Dream Wife

Dream Wife

Video cover
Directed by Sidney Sheldon
Produced by Dore Schary
Written by Herbert Baker (screenplay)
Alfred Lewis Levitt
Sidney Sheldon
Starring Cary Grant
Deborah Kerr
Walter Pidgeon
Betta St. John
Eduard Franz
Music by Conrad Salinger
Cinematography Milton R. Krasner
Edited by George White
Distributed by Metro-Goldwyn-Mayer
Release dates
1953 (1953)
Running time
100 minutes
Country United States
Language English
Budget $1,565,000[1]
Box office $1,885,000[1]

Dream Wife is a 1953 romantic comedy film starring Cary Grant and Deborah Kerr made by Metro-Goldwyn-Mayer.

It was directed by Sidney Sheldon and produced by Dore Schary, from a screenplay by Herbert Baker, Alfred Lewis Levitt and Sidney Sheldon. The music score was by Conrad Salinger, the cinematography by Milton R. Krasner and the art direction by Daniel B. Cathcart and Cedric Gibbons. The costume design by Herschel McCoy and Helen Rose received an Oscar nomination. The film's secondary stars included Walter Pidgeon and Betta St. John, with supporting performances by Eduard Franz, Buddy Baer, Richard Anderson, Dan Tobin, Dean Miller, and Movita.

The character of "Princess Tarji" was slightly resurrected in one of Sheldon's I Dream of Jeannie TV episodes, "This Is Murder" (4/9/66), portrayed by Gila Golan. Shortly after the release of this film, Cary Grant went into a self-imposed retirement from acting, subsequently turning down many film offers including Sabrina, in which he would have co-starred with Audrey Hepburn and A Star Is Born with Judy Garland. In 1955, director Alfred Hitchcock persuaded Grant to return to films with his classic thriller To Catch a Thief.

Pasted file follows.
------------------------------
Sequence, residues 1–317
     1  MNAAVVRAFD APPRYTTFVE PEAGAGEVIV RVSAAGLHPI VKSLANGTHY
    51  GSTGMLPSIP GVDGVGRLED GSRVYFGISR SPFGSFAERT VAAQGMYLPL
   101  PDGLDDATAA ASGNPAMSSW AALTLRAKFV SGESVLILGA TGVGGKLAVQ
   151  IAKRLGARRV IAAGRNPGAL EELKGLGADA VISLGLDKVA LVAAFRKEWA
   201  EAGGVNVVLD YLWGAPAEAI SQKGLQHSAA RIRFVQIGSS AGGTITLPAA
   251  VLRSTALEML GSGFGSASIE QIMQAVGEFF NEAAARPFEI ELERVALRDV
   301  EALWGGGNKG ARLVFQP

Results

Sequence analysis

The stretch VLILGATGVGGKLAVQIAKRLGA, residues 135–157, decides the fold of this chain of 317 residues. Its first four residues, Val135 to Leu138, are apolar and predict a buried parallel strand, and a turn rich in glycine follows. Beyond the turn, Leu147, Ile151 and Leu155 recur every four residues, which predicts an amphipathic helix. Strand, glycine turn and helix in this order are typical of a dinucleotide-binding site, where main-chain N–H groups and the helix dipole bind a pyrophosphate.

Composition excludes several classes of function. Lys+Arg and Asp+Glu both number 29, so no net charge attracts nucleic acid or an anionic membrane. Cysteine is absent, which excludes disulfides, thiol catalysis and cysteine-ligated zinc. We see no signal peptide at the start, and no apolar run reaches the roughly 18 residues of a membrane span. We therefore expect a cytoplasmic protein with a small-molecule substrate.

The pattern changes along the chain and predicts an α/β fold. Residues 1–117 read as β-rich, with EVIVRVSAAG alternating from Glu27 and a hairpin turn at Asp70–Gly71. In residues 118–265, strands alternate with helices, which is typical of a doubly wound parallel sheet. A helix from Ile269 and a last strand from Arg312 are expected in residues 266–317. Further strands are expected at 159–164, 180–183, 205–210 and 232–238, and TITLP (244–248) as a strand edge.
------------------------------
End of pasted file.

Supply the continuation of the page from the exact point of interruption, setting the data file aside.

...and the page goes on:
Plot summary

Businessman Clemson Reade (Cary Grant) breaks his engagement with workaholic U.S. diplomat girlfriend Effie (Deborah Kerr) for an adoring "old-fashioned" girl from the fictional country of Bukistan, Princess Tarji (Betta St. John). Reade wants a wife who can "just find having babies and taking care of a man" pleasurable.

While Reade tries to get closer to his bride-to-be, Effie, who has been assigned by the State Department to see that the marriage does not disturb a major oil deal with Bukistan, ends up educating the Princess about such Western ideas of the role of a wife and women's emancipation, while, simultaneously moderating some of her own ideas about making the happiness of her "man" (i.e. Grant) a primary concern. Grant's courtship of the Princess, which he attempts to conduct by "American" customs, must be adjusted to Bukistanian tradition, to protect the proposed oil deal.

Effie explains to him that the marriage, called "hufi", is followed by a prolonged period of celebration called "bruchah". These terms are borrowed for comedic effect from the Jewish terms "huppah"—the canopy beneath which the marriage ceremony takes place (thus the ceremony itself is sometimes called "hupah") and "Sheva 'bruchis' or 'sheva brachot'" - 7 blessings ("bruchah" means "blessing", in the Ashkenazic pronunciation) that are recited as part of both the ceremony and a week-long celebration that follows.



According to MGM records the film earned $1,213,000 in the US and Canada and $672,000 elsewhere meaning it resulted in a loss of $456,000.[1]


  1. 1 2 3 The Eddie Mannix Ledger, Los Angeles, California: Margaret Herrick Library, Center for Motion Picture Study

External links

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